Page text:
Jakarta, Indonesia -- An Instagram account that published comic strips depicting the struggles of gay Muslims in Indonesia has disappeared following a frenzy of outrage online in the world's biggest Muslim nation.
The Ministry of Communications said the account under the username Alpatuni was pornographic, a violation of a law on information and electronic transactions. In a statement Wednesday, the government said Instagram had "fulfilled" its request made in a warning letter for the account to be removed.
Instagram, however, said it had not removed the account. The company said there were many reasons an account may no longer be accessible, including the account holder deleting it, deactivating it or changing the username.
The comics depicted gay characters facing discrimination and abuse, which has become increasingly common in Indonesia since late 2015 when conservative politicians and religious leaders began a campaign of portraying lesbian, gay, bisexual and transgender people as a threat.
Local media, quoting the communications minister, reported that the ministry would block Instagram in Indonesia if the Alpatuni account wasn't removed.
Censorship and "torture"
The government frequently threatens to block Western social media and Internet companies for content deemed illegal, but has never taken such measures, possibly fearful of a public backlash due to the huge popularity of the services with Indonesians.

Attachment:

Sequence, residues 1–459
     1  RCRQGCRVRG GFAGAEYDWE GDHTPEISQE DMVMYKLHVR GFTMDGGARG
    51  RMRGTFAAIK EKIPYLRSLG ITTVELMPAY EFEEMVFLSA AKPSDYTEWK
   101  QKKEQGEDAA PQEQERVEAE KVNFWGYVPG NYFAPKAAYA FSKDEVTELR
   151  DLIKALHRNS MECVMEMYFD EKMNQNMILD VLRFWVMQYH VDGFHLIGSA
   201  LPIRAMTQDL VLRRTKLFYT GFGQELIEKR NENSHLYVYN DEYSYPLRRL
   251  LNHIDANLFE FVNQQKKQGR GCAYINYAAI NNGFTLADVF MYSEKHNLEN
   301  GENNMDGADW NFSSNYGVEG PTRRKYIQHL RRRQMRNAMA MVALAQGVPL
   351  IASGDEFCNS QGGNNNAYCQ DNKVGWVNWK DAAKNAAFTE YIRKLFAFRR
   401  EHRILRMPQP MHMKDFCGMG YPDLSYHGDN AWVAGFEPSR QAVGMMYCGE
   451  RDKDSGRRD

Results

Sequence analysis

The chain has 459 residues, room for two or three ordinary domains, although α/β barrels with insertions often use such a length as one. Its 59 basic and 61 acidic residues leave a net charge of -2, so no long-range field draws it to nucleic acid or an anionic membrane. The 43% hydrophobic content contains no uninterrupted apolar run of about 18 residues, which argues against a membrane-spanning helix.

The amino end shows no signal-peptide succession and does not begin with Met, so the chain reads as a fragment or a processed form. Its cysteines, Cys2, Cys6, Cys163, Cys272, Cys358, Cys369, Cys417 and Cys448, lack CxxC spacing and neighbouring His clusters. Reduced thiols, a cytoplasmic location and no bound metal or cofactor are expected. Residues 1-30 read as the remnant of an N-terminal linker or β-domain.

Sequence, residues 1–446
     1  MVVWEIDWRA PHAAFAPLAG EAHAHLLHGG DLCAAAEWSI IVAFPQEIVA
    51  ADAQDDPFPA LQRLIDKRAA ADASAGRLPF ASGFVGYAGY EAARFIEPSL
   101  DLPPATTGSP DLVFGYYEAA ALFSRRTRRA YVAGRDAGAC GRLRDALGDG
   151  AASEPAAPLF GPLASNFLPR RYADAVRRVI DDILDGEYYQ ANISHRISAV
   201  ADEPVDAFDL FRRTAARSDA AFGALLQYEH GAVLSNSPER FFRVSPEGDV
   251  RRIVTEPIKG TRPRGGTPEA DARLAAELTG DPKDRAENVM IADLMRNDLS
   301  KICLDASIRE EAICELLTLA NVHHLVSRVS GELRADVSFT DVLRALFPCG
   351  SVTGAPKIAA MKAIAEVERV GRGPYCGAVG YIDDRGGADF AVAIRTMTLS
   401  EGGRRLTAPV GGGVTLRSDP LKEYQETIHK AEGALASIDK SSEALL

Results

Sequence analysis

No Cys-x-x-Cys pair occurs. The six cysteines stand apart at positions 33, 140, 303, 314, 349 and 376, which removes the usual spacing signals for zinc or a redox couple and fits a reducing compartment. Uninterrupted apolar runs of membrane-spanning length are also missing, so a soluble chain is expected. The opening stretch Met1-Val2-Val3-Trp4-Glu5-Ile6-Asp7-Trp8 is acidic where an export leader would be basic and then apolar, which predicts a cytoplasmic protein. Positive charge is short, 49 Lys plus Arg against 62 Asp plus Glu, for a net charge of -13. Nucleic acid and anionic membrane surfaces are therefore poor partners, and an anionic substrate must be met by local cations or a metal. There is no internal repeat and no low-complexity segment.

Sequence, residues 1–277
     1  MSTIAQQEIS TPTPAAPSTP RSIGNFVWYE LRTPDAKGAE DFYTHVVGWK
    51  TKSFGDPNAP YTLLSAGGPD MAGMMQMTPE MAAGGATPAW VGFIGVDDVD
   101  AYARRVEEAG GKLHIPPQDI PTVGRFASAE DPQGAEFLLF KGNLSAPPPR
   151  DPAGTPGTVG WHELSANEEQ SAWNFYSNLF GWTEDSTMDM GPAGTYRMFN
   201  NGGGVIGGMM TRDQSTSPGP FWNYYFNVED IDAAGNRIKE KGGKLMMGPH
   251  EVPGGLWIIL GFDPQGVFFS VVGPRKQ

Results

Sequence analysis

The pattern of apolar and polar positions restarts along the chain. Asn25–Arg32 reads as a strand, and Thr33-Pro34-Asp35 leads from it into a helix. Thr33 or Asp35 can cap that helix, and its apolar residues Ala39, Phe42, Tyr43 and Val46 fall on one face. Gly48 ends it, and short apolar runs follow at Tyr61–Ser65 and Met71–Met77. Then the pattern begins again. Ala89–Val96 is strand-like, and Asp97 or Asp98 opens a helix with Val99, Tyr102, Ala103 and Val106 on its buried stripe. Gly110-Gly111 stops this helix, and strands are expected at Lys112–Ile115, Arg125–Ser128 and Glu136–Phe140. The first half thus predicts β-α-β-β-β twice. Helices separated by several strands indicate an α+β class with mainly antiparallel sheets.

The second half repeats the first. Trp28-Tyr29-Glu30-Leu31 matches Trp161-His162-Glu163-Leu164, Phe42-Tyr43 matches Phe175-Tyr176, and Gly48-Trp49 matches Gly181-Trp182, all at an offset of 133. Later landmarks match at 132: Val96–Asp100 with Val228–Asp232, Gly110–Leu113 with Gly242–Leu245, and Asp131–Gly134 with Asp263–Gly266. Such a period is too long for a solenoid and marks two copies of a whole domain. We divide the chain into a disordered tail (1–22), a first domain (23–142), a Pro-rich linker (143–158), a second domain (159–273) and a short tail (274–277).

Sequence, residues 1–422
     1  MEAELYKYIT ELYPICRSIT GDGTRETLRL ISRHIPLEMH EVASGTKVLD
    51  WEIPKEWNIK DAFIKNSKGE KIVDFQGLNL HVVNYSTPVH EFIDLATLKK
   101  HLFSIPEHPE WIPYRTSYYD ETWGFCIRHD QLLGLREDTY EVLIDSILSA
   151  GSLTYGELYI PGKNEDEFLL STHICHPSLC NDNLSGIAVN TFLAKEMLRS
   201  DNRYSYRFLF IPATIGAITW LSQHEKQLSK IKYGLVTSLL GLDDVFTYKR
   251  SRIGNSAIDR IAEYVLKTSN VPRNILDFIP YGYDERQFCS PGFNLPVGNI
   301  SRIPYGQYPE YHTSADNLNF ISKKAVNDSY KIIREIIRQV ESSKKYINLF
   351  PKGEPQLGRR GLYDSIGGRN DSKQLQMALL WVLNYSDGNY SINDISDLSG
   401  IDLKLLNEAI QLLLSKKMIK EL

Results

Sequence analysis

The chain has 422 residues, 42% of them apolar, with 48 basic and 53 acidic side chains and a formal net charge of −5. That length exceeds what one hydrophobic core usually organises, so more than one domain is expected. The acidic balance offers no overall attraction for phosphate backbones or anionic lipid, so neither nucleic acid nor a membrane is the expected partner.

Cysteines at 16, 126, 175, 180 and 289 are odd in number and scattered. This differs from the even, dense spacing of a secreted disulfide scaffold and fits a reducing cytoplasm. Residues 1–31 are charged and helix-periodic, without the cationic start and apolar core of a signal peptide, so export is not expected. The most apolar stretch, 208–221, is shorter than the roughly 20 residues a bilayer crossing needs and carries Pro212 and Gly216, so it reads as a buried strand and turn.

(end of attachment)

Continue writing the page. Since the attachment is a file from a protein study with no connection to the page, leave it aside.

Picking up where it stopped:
Indonesia has faced backlash from human rights organizations such as Human Rights Watch, which have described the nation's use of caning as a form of state punishment as a "form of torture."
Canings, in front of large crowds, have been used in the country's Aceh province, where strict Muslim law is enforced by regional Shariah courts, toand prostitution.
Amid an outcry over the public floggings, the Aceh government decided last year to, away from public eyes, but the practice has not been officially discontinued.
Historically, Aceh, located at the tip of the island of Sumatra, was the first region in the Indonesian archipelago to adopt Islam after contacts with Arab traders from as early as the 8th century. Its implementation of Shariah law was a concession made by the central government in 2001 as part of efforts to end a decades-long war for independence.